Again, that’s just one side of the coin. Just as no group of people is a monolith, no individual is one-dimensional. Hellen Keller herself pointed this out when she referenced the coincidence that she was related to the first teacher of the deaf in Zurich. She wrote in her autobiography, “… it is true that there is no king who has not had a slave among his ancestors, and no slave who has not had a king among his.” There is clarity in knowing, deep inside, that each of us is connected to both sides of the coin. That clarity comes from going deep inside ourselves. If we pay attention to what’s going on inside of our own hearts we have a compass that steers us in a functional/skillful direction – at least, that is the message of contemplatives.

That’s the lesson of “insight.”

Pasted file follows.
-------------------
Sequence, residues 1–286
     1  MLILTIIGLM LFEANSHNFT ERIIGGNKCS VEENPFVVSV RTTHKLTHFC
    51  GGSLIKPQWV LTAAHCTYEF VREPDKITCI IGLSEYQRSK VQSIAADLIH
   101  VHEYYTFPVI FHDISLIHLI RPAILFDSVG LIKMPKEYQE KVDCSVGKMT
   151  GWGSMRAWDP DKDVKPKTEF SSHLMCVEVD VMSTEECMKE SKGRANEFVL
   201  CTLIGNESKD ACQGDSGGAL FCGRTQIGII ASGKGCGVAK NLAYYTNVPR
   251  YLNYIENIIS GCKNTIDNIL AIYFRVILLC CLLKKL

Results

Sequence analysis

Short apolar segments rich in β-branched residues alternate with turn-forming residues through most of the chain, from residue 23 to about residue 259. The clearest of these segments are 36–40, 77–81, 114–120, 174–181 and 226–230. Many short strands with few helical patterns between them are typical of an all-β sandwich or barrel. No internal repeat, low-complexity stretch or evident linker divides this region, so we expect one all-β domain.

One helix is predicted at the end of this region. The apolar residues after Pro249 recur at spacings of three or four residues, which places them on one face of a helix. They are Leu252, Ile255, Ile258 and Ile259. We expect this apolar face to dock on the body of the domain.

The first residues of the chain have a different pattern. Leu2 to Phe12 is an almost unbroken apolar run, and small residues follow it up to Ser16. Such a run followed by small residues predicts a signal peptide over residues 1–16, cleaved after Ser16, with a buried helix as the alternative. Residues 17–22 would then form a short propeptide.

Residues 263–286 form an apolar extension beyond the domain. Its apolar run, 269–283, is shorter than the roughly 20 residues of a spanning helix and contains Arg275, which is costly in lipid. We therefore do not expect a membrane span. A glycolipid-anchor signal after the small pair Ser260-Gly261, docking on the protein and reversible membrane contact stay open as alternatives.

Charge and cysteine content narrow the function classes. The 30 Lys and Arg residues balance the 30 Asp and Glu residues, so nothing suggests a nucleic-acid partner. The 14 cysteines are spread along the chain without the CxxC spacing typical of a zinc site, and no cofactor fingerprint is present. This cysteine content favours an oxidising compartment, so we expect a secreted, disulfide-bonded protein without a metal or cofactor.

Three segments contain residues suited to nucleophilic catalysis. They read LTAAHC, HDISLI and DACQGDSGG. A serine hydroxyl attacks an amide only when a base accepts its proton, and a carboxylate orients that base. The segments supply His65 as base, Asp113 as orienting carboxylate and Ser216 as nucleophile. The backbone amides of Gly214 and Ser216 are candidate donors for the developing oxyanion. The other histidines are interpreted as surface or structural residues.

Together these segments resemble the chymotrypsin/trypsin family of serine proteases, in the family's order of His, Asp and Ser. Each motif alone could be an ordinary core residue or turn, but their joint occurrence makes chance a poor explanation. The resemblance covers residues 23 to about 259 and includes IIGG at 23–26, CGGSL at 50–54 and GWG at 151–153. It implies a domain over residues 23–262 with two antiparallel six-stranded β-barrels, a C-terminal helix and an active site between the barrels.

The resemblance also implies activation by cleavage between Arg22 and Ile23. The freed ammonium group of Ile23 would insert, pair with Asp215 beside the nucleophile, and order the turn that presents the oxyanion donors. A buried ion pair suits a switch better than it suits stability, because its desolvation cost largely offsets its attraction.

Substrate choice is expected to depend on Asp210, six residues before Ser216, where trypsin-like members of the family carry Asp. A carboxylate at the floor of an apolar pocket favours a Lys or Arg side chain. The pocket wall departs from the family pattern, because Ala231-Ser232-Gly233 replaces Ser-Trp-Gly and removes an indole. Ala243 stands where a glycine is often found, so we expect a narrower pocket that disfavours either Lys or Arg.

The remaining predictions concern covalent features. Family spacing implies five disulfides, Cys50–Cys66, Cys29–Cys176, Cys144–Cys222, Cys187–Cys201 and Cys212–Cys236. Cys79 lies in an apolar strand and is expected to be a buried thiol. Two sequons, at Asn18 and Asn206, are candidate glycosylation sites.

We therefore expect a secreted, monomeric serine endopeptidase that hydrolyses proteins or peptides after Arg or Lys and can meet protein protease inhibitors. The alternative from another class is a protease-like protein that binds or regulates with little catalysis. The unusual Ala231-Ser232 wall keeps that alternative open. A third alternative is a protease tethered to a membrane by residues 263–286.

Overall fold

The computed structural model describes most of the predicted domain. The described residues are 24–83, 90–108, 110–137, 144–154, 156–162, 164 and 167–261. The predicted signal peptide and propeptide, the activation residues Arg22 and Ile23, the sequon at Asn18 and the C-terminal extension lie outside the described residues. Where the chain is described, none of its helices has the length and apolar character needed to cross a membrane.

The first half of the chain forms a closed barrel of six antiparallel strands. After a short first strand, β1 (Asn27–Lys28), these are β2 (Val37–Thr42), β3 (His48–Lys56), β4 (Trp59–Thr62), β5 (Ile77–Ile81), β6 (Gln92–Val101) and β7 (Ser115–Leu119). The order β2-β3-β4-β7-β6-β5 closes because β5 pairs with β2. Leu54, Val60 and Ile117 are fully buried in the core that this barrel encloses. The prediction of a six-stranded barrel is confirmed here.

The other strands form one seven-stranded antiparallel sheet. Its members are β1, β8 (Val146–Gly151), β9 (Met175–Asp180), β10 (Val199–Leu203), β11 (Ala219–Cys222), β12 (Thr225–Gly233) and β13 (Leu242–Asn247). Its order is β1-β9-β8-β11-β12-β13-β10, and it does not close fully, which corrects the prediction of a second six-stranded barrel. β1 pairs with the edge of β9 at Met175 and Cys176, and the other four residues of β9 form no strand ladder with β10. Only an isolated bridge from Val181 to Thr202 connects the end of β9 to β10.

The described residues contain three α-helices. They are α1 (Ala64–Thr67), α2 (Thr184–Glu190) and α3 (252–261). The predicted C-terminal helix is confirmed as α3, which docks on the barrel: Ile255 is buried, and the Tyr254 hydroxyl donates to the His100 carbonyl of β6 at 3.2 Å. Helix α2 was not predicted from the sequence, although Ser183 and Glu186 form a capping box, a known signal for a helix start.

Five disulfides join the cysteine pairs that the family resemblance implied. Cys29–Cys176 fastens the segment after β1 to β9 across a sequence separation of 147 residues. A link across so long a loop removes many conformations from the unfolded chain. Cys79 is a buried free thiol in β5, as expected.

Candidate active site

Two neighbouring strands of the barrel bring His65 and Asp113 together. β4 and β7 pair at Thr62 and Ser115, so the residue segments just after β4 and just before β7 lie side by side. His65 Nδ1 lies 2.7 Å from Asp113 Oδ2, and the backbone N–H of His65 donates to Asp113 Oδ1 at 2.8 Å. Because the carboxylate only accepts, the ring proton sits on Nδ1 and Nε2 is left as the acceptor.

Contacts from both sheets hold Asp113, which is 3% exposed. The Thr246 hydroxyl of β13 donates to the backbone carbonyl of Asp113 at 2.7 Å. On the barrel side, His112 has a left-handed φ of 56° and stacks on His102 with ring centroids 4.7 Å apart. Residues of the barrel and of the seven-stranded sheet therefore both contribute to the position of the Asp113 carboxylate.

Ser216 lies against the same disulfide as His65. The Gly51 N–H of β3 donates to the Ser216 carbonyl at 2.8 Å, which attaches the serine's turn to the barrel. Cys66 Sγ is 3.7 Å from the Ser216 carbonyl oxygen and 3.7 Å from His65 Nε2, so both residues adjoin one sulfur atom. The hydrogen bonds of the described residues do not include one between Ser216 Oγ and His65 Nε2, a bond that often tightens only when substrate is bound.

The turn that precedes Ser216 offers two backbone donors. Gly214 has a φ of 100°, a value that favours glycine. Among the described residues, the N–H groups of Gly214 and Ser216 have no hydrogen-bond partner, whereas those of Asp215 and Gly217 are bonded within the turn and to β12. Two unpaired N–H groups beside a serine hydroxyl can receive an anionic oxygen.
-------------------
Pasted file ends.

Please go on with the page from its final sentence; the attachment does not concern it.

“After long searches here and there, in temples and in churches, in earths and in heavens, at last you come back, completing the circle from where you started, to your own soul and find that He for whom you have been seeking all over the world, for whom you have been weeping and praying in churches and temples, on whom you were looking as the mystery of all mysteries shrouded in the clouds, is nearest of the near, is your own Self, the reality of your life, body, and soul. That is your own nature. Assert it, manifest it.”

– from “ The Real Nature of Man” speech, delivered in London and published in The Complete Works of Swami Vivekananda (Volume 2, Jnana-Yoga) by Swami Vivekananda

Yoga Sutra 2.26: vivekakhyātiraviplavā hānopāyah

*

– “The clear, unshakeable awareness of discerning knowledge (insight) is the means to nullifying sorrow (created by ignorance).”

There is no playlist for the Common Ground practice.